The slow unraveling of the Obama administration’s plot, executed by the Federal Bureau of Investigation, to ensure that Donald Trump would not become president or would not long remain president, has been almost painful to witness. The most recent revelation, however, might just speed that unraveling and present some hope that, eventually, the conspirators will face some sort of reckoning. The man who provided former British spy Christopher Steele with much of the material for his “dossier” on Trump has been identified – and that leaves the FBI with a potentially serious problem.
Igor “Iggy” Danchenko, a Russian national who officials have identified as Steele’s primary subsource, is a man with a criminal history and a drinking problem. In February 2017, Danchenko was interviewed by the FBI about his role in the compilation of the Steele dossier. The written record of that interview has now been declassified, though it is heavily redacted.
A Peddler of Gossip
What can be gleaned from the record, though, is that Danchenko was entirely unwilling and unable to vouch for the credibility of any of the scurrilous rumors and allegations he passed on to Steele. It was all bar talk, assumption, and gossip. In fact, the Russian provided the FBI with no hard evidence – much less proof – that any of the various imaginary connections between the Trump campaign and Russian officials were real. Neither was he able to provide any evidence that some of the more distasteful rumors about Donald Trump’s activities in Russia had any truth to them.
This did not stop the FBI from continuing to return to the Foreign Intelligence Surveillance Court (FISC) to renew a warrant to spy on a Trump campaign associate, Carter Page. The Bureau relied heavily upon material contained in the Steele dossier to obtain those warrants, knowing full well that none of it had been verified – and knowing that the man who gathered the information had admitted that he himself considered it to be little more than idle chatter.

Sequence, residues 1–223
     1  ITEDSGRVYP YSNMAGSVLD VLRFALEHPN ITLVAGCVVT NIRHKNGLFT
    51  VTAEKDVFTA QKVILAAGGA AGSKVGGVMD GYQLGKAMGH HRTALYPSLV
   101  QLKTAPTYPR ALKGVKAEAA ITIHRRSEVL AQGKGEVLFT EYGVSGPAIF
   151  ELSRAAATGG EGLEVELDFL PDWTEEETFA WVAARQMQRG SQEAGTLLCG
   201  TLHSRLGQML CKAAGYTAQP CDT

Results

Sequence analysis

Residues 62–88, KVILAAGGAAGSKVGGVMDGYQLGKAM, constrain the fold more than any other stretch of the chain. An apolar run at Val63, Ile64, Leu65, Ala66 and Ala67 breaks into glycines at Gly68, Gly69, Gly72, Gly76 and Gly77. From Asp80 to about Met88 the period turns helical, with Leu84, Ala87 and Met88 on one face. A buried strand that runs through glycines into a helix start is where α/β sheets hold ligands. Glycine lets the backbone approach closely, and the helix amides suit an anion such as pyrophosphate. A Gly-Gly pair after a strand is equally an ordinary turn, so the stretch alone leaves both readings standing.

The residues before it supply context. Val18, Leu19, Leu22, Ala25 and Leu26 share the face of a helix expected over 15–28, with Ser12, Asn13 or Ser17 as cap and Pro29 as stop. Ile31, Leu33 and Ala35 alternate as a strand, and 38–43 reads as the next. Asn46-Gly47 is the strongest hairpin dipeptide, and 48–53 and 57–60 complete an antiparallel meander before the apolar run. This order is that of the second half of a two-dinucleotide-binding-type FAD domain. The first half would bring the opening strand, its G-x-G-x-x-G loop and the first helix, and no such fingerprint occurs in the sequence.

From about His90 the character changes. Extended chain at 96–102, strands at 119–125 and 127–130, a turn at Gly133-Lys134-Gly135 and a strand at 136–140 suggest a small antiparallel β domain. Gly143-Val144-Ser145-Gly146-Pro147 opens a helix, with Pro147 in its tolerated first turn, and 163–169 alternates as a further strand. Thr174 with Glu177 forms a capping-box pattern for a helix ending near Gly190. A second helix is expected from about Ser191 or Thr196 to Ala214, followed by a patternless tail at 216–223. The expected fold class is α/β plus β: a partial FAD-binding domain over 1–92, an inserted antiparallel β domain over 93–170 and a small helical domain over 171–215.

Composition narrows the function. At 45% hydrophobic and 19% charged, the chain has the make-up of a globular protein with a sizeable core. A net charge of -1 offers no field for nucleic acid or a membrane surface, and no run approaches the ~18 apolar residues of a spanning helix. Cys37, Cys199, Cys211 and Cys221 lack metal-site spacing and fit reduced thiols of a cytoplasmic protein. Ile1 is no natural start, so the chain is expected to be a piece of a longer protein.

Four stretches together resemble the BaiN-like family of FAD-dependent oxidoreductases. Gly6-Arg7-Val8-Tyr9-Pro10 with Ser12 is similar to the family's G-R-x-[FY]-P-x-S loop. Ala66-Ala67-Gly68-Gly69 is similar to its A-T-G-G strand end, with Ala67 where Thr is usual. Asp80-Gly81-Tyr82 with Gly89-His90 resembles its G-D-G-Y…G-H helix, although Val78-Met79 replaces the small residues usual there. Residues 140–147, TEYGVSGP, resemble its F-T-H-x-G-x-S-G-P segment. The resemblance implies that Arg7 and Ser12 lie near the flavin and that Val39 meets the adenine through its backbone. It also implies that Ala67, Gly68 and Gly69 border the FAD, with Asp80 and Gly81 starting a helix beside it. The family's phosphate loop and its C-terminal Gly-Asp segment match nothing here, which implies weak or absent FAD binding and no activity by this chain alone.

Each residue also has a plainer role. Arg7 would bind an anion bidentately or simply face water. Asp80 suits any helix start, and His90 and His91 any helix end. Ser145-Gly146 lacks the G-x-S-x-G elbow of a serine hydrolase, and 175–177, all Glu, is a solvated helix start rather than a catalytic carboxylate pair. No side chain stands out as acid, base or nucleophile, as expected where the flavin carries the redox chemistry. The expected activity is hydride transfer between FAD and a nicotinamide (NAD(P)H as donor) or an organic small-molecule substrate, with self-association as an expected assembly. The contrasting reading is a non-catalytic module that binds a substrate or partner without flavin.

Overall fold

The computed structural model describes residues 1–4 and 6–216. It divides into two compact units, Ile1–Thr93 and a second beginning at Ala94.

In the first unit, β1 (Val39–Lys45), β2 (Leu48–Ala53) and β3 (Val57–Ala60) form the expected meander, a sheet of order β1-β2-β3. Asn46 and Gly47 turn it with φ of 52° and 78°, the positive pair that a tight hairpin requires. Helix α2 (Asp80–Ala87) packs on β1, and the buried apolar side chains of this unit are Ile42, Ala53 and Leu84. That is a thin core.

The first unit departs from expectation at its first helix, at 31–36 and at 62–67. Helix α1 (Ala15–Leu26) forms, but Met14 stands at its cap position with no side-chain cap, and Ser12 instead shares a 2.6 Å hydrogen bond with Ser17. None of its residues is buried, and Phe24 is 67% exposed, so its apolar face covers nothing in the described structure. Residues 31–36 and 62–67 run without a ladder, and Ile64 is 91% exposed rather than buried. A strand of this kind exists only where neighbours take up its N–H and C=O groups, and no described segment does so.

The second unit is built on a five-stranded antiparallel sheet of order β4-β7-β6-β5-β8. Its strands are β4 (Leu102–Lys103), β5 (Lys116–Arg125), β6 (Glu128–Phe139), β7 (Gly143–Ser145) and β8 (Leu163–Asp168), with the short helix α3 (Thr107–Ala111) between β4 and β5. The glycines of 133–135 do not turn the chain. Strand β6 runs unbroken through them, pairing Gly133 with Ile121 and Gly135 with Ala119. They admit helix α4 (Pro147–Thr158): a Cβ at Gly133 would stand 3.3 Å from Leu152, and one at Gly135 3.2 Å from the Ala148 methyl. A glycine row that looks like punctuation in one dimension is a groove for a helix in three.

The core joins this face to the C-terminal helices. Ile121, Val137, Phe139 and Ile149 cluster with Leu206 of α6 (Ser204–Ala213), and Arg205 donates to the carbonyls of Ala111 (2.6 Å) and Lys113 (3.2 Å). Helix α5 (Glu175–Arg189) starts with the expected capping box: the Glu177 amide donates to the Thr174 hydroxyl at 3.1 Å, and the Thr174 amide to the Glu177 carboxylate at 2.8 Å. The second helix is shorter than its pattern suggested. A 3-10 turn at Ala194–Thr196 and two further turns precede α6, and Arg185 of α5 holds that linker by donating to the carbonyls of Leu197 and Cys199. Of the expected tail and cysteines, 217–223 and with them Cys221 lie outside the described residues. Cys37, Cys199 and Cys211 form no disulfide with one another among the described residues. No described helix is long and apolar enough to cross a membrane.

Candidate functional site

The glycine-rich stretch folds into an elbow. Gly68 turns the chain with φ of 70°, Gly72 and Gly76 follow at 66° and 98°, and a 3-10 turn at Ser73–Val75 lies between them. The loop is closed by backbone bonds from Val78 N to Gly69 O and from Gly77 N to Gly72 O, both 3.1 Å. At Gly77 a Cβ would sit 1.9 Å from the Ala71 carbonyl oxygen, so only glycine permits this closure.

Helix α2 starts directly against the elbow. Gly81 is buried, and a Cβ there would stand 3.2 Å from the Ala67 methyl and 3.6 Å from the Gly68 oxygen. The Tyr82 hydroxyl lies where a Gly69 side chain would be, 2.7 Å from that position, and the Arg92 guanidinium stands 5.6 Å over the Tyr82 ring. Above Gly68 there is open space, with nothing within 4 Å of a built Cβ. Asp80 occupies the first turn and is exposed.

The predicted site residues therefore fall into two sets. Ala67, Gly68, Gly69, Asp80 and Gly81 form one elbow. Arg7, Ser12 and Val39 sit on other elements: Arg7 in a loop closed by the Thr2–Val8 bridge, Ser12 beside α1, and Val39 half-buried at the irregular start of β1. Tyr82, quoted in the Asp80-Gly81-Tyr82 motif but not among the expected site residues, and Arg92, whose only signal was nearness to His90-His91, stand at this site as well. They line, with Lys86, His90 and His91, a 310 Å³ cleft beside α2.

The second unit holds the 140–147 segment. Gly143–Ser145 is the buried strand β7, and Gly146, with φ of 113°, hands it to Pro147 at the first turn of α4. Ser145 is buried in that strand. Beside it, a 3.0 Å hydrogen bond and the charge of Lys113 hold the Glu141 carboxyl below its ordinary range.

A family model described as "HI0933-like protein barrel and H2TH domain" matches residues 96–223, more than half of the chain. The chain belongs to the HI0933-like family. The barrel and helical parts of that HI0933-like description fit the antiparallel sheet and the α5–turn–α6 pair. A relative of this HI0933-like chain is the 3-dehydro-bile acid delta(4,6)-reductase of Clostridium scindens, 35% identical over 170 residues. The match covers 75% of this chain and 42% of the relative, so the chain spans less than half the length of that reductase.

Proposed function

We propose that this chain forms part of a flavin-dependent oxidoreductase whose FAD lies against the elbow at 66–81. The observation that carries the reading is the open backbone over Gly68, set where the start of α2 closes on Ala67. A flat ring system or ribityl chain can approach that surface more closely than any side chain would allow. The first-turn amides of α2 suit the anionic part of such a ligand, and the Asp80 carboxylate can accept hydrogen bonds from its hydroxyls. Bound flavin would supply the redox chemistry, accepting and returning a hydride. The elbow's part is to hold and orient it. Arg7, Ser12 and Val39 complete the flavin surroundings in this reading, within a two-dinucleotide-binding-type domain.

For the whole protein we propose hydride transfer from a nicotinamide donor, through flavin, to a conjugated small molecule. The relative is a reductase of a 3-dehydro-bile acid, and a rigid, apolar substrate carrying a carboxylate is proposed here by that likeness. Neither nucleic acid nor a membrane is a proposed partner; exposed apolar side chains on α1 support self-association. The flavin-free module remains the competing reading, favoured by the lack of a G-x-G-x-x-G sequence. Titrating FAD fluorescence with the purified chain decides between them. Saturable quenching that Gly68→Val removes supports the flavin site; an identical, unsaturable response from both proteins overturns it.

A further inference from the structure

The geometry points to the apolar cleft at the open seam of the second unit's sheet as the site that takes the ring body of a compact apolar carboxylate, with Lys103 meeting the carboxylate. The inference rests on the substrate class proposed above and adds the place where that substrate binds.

One Little Lie
There is a further detail in the saga that, although seemingly minor, should not be overlooked: Within the material provided to the FISC by the FBI, Danchenko is identified as a Russia-based subsource. In fact, he was living in the United States. That may appear to be a trivial detail, but the FBI could not have been unaware that Danchenko was based in the U.S. and not in Russia – and so this is at least one “fact” presented to the court that was inaccurate, and the FBI knew it.
If there is even one instance of the Bureau knowingly providing the FISC with false information, there are surely more.
Danchenko also revealed to the FBI that he had fully appraised Christopher Steele of the dubious nature of the material he was providing. Steele, though – by his own admission – had been “desperate” to ensure that Trump would not become president. Thus, the former MI6 officer merrily compiled his dossier and distributed it, knowing full well that its contents were, at best, unverified and, at worse, entirely fabricated. But, then again, the Democratic National Committee and the Clinton campaign were paying him handsomely to do just that.
Among Republicans and Trump’s supporters, frustration is growing that, to date, only one individual is known to have been criminally charged for his role in misleading the FISC. The unveiling of Danchenko’s FBI interview only serves to confirm the long-held suspicion that the Bureau knew from the beginning that its counterintelligence operation targeting the Trump campaign was based upon nothing more than a collection of rumors.
Read more from Graham J. Noble.